Root paid no attention to the remark and proceeded to tear open the wrapping of a new plastic oxygen mask. After hooking up its attached hose to the tank, she stepped toward their patient and, pausing as a look of horror flashed across her face upon seeing Harold, put the mask to his mouth and nose, and gently put the elastic band around the back of his head.

“Where’d you get that?” Lionel asked as she turned on the flow of oxygen.

“Mrs. Bitterman, down the hall.”

“Wait, you took that little old lady’s oxygen tank?! Look, I know Glasses needs it, but what is she supposed to be breathing right now?”

“Dirt, I suppose,” Root sighed, perhaps genuinely sad about Mrs. Bitterman, but more likely concerned only about Finch’s well-being. “She died in the hospital on Monday, and the home health people hadn’t picked up the spare tank yet.”

Fusco frowned. How the hell had she known about Mrs. Bitterman? And anyway, this wasn’t the time for morbid humor, what with Finch’s life hanging by a thread.

Root put a comforting hand on Finch’s shoulder for a moment, though perhaps it was more to reassure herself that he was really there, then reluctantly stood and began to leave.

“Where the hell are you going?” Fusco asked.

“We need a pulse oximeter.” With that, she stepped out and closed the door behind her.

Shaw and Reese carefully rolled Finch onto his side so that Shaw could tend to his back. Fusco tried not to stare, but part of him couldn’t look away. Mr. Prim-and-Proper Suit-and-Tie was naked under the blankets, skinny as fuck, sick as shit, hurt to hell, and they were giving him a sponge bath on his damn sofa.

Then Lionel saw it. He thought he must be imagining it at first, but no.

Harold was smiling. Fusco could see it through the oxygen mask.

On his side, Finch was facing the shitty little Christmas tree on the other side of the room. Even without his glasses, the older man could, apparently, still see the colorful, blinking lights. His exhalation had a trembling quality, as though he was holding back deep emotion.

Lionel’s throat suddenly ached. Of all the TV Christmas-special, Charlie Brown, syrupy-sappy holiday schmaltz...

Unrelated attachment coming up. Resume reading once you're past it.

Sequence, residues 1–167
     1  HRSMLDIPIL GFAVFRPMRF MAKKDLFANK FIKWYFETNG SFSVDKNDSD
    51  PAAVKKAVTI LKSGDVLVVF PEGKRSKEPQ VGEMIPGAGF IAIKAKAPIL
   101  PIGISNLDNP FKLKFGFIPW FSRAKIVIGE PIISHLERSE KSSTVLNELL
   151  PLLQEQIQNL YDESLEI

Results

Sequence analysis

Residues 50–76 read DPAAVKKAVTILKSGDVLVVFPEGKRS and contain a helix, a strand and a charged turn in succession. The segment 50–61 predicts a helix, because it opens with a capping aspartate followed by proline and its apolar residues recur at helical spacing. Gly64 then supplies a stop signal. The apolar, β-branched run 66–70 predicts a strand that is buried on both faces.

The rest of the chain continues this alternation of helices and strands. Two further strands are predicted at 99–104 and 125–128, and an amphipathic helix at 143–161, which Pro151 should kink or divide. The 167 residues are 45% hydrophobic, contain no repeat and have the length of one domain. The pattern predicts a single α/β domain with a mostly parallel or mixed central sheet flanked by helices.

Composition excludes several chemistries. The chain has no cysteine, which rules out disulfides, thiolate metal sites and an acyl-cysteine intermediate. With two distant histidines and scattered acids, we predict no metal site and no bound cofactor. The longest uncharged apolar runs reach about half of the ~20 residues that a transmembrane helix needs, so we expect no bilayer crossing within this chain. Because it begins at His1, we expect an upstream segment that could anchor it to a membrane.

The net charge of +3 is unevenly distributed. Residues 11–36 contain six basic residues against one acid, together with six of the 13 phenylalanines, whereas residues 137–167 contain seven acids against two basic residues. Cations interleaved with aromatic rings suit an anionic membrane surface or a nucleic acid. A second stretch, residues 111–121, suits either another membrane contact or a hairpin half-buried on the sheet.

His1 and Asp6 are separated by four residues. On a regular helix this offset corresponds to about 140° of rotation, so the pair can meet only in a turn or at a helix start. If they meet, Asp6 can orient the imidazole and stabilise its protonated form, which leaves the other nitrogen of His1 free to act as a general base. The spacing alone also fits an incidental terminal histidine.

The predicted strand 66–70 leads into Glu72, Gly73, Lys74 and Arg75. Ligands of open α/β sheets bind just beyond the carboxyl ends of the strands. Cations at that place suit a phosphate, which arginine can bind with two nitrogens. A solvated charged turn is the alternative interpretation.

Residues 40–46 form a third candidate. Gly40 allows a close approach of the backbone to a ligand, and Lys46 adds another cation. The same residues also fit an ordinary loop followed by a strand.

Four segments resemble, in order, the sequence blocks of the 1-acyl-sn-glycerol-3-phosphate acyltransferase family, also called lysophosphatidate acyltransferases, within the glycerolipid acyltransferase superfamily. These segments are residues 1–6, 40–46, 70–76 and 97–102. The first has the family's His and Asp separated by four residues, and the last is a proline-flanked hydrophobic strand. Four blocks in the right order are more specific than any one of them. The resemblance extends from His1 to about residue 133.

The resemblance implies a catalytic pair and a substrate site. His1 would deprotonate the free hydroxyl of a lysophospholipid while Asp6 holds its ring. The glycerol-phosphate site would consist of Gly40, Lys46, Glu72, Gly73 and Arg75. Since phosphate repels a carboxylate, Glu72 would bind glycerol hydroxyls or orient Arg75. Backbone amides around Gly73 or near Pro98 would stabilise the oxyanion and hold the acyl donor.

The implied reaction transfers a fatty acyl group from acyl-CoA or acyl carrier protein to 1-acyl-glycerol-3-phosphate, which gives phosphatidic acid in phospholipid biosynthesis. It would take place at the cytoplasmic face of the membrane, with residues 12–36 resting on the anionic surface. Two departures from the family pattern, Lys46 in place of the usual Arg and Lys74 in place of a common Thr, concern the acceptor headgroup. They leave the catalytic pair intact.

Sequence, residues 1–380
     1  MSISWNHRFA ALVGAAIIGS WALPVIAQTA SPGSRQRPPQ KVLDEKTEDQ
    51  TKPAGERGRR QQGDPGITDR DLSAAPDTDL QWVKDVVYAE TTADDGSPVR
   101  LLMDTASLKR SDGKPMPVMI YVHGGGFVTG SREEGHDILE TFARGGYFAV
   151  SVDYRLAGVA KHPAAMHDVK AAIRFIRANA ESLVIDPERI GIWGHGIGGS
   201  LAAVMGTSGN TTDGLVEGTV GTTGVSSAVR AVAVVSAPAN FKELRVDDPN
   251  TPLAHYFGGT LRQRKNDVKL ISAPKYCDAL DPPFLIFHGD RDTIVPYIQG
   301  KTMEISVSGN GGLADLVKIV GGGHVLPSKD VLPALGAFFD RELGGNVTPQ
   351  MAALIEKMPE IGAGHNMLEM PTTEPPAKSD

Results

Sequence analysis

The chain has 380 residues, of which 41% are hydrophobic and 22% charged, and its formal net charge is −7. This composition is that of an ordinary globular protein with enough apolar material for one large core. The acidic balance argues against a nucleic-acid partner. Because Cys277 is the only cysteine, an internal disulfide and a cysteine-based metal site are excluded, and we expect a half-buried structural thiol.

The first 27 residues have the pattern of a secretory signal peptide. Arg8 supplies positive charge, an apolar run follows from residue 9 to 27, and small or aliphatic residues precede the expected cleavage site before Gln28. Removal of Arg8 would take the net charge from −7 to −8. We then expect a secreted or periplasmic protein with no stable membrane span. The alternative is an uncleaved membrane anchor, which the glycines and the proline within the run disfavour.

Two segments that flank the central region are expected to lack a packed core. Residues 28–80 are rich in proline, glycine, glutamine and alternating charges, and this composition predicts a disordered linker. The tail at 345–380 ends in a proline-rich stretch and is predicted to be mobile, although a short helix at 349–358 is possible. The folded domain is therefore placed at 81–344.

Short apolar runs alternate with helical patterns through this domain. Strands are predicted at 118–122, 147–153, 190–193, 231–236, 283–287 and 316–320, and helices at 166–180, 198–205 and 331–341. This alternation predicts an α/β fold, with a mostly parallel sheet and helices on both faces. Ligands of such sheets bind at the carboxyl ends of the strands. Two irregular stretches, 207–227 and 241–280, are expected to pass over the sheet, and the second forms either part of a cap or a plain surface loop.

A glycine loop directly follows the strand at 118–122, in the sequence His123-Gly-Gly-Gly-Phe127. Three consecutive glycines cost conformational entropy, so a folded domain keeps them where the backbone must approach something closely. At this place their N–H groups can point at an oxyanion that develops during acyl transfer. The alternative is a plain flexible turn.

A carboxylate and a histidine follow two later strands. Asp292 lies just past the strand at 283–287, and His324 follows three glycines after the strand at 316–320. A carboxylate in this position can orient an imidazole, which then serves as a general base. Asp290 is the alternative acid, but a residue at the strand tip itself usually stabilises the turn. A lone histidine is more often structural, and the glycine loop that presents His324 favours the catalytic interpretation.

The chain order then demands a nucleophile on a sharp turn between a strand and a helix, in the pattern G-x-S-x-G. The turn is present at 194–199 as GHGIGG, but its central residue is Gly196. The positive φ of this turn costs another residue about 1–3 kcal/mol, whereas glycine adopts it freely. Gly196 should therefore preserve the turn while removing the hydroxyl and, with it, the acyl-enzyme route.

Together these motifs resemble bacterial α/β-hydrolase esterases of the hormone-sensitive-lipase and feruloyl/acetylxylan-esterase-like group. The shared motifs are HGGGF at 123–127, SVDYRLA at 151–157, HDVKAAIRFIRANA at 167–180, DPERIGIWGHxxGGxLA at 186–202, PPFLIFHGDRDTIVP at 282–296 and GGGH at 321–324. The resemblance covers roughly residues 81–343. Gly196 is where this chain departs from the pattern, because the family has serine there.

Well, fuck. If Christmas tree lights could make the professor smile under these circumstances, then they'd sure as shit have Christmas while he was still alive to enjoy it.

Fusco went to the kitchen and switched on the 80’s-era radio that sat next to the toaster. He fiddled with the dial until he found the Christmas music station, and turned up the volume.

Reese and Shaw looked at each other as ‘Jingle Bell Rock’ flooded the apartment. Shaw shrugged and finished up with the sponge-bath. She dried her hands, then opened her bag and dug through it to find what she’d need to suture and dress Finch’s wounds.

After digging through the hall closet, Lionel was able to locate the scented candles his ex had left, way back when. Some of them had to be close to ten years old, but they still smelled pretty strongly of gingerbread, pine trees, and that sort of junk. He set half a dozen of the damned things on the entertainment center, next to the cable box, and started to go look for a lighter.

“Hey, we’ve got oxygen in here,” Sameen hissed. “You’d better not even think about lighting those things!”

Oh. Duh. “Sorry. My brain don’t work until I’ve had coffee, ya know?” Coffee. He filled the reservoir of the coffeemaker and scooped a generous mound of his finest Folgers into a fresh paper filter.

He grabbed the non-dairy creamer out of the fridge, then saw the tube of store-brand sugar cookie dough. He’d planned on baking those with Lee on Christmas Eve, but he could buy some more. The dough came out with the creamer, and he turned on the oven to preheat. By the time he’d greased the sheet pan, sliced the dough into boring circles, and sprinkled them with red and green decorative sugar, the oven was ready. And a few minutes later, the place began to smell delicious.

He second-guessed himself for a moment, when he remembered that Finch wouldn’t be able to eat any cookies. But to Lionel, the smell was enough to make it feel like Christmas. They always smelled better than they tasted, anyway.

Root knocked once before letting herself back in, with some medical device in her arms. "Honey, I'm home," she cooed. With the sweep of her hand, she quite rudely cleared the magazines off the end table and plopped the machine onto its surface. Shaw clipped the pulse oximeter's probe over Finch’s finger, while Root plugged the thing in and turned it on.